In order for fiduciaries to receive compensation that varies based on their investment advice (e.g., commissions) or from third parties in connection with their advice (e.g., revenue sharing), they must comply with a prohibited transaction exemption. In connection with the release of the new "investment advice" regulation, the Department of Labor (DOL) also issued two new class exemptions: the best interest contract (BIC) exemption and the Principal Transactions In Certain Assets Between Investment Advice Fiduciaries and Employee Benefit Plans and IRAs ("Principal Transactions") exemption.
Section II(f)(2) of both the BIC and Principal Transactions exemptions makes the exemptions unavailable if a financial institution's contract with the advice recipient (a requirement of both exemptions) includes a waiver or qualification of the advice recipient's right to bring or participate in a class action. Section II(g)(5) of both exemptions applies this condition to ERISA plans, which are not required to enter into the contract discussed previously.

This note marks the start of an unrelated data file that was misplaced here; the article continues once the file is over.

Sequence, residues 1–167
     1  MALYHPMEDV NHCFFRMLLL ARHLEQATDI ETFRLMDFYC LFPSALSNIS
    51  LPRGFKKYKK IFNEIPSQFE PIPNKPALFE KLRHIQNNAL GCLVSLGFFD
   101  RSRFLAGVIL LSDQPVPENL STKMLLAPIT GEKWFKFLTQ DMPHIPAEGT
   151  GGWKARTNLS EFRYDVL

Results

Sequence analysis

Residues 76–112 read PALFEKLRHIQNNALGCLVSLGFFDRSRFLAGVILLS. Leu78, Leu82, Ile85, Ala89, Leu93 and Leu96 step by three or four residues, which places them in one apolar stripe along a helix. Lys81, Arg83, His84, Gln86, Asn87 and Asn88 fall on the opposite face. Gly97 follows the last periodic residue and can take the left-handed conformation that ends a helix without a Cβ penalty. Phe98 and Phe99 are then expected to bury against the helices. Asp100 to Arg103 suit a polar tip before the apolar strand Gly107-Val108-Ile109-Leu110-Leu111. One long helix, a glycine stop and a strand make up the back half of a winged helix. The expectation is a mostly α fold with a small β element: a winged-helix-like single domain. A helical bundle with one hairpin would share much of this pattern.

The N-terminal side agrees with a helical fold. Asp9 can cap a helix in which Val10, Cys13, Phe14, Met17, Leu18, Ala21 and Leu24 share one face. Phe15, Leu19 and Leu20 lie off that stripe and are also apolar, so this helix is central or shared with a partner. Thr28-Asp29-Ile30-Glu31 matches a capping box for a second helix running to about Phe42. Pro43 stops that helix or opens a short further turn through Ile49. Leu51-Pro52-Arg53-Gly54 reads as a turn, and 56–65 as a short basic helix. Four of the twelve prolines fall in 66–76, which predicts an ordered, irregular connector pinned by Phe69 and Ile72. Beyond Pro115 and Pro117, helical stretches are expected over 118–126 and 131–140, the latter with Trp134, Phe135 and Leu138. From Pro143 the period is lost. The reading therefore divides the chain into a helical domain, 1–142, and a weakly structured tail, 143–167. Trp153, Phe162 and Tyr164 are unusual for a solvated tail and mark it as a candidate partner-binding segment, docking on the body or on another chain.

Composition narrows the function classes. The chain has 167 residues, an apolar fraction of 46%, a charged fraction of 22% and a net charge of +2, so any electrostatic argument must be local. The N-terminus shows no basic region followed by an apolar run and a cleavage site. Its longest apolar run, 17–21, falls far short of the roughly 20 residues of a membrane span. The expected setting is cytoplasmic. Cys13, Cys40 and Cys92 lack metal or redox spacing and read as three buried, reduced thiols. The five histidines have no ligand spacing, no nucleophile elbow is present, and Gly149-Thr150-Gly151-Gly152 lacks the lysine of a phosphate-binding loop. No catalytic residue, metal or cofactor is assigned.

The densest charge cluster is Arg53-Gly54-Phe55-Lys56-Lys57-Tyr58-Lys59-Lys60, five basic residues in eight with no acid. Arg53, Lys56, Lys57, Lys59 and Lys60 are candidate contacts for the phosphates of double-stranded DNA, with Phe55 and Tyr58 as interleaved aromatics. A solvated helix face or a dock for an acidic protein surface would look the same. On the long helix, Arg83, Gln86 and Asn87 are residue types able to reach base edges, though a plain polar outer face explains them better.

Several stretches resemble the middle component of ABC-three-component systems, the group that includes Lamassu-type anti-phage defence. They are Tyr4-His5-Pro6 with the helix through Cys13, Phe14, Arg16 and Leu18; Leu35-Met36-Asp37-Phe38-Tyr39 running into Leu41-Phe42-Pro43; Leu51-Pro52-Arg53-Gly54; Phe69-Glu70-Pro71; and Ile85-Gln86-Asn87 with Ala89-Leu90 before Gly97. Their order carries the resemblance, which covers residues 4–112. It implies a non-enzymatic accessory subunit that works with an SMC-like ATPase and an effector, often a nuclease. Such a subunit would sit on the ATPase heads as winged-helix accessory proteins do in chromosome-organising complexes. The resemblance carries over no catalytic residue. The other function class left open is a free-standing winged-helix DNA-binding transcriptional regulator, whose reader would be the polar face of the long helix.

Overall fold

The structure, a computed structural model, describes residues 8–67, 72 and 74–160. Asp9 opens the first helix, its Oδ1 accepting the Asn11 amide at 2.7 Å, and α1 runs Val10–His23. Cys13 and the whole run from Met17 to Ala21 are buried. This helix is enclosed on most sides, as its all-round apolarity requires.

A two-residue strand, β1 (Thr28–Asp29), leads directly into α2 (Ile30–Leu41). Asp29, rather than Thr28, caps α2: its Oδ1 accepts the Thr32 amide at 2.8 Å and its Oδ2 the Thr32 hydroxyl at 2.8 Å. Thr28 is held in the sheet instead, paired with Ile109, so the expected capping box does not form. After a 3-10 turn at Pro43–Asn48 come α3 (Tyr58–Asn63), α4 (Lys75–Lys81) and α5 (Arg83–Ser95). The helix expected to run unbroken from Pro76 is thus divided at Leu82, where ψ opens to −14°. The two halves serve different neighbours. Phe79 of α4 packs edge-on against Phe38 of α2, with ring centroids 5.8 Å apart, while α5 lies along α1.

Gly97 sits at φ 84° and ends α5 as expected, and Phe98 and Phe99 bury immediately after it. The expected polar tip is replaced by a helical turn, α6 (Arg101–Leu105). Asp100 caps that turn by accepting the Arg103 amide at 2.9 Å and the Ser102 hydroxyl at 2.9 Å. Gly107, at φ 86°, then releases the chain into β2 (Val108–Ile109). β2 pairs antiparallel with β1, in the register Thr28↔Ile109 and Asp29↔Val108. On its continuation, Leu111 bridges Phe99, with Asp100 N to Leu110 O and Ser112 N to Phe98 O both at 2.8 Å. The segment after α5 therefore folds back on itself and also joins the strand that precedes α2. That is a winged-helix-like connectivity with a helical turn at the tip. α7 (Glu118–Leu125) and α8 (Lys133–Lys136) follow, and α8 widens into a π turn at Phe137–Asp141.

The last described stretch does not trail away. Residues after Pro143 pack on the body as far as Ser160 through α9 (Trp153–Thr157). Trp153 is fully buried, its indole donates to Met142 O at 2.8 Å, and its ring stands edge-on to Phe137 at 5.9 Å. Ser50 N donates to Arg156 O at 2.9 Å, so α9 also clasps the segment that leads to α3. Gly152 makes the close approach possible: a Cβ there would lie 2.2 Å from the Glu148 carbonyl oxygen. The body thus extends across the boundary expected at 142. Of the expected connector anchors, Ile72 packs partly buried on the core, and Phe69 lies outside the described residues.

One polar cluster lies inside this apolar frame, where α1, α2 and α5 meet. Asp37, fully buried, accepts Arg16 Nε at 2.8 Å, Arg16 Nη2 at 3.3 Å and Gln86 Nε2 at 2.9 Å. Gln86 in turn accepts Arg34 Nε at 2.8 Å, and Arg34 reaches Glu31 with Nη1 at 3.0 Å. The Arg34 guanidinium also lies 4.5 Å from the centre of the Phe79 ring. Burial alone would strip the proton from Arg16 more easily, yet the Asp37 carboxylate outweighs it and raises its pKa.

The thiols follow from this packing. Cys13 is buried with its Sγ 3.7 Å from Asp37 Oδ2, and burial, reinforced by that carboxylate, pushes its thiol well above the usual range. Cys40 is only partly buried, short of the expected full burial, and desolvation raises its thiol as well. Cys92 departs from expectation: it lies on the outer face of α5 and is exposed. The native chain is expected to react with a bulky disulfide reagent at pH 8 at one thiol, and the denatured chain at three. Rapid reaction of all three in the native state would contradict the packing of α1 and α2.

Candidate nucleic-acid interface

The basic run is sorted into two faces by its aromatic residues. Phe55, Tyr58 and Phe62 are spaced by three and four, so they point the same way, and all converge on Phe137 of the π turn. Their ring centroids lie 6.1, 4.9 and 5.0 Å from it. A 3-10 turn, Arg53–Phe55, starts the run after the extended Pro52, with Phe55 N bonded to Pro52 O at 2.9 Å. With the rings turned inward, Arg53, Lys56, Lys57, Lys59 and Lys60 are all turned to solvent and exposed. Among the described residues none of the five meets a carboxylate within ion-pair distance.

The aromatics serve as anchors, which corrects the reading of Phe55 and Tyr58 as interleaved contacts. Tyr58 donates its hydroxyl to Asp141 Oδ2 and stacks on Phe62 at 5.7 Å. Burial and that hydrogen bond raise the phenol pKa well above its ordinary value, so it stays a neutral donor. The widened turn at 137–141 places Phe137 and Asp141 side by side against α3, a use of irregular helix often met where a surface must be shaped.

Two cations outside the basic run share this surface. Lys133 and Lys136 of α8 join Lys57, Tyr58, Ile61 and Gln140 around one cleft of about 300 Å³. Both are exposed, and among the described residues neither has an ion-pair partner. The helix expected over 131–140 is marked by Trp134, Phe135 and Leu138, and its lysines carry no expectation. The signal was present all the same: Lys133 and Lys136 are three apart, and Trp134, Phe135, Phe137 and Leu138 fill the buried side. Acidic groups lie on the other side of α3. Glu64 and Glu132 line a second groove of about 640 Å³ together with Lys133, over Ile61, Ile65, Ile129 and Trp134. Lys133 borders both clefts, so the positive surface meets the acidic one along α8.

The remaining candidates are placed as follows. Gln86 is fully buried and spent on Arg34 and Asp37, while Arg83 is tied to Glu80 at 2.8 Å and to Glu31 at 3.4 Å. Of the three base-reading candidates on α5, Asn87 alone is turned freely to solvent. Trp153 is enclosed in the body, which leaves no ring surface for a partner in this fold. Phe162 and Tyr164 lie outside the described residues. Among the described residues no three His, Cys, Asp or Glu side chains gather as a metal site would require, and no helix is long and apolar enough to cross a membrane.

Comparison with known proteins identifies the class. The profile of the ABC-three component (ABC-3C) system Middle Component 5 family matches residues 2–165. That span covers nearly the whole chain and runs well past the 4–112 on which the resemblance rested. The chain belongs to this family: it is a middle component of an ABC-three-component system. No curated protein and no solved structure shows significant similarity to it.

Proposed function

The DOL's current litigating position is that it will no longer defend these provisions prohibiting class action waivers as applied to arbitration agreements. In light of this change of position, the DOL has announced a new enforcement policy indicating it will not pursue a claim against any fiduciary based on the failure to satisfy the BIC or Principal Transactions exemption, or treat any fiduciary as being in violation of either exemption, if the sole failure of the fiduciary to comply with either exemption is a failure to comply with the exemptions' arbitration limitation. The DOL indicated that the policy will continue to apply as long as the exemptions include the arbitration limitation.
The content of this article is intended to provide a general guide to the subject matter. Specialist advice should be sought about your specific circumstances.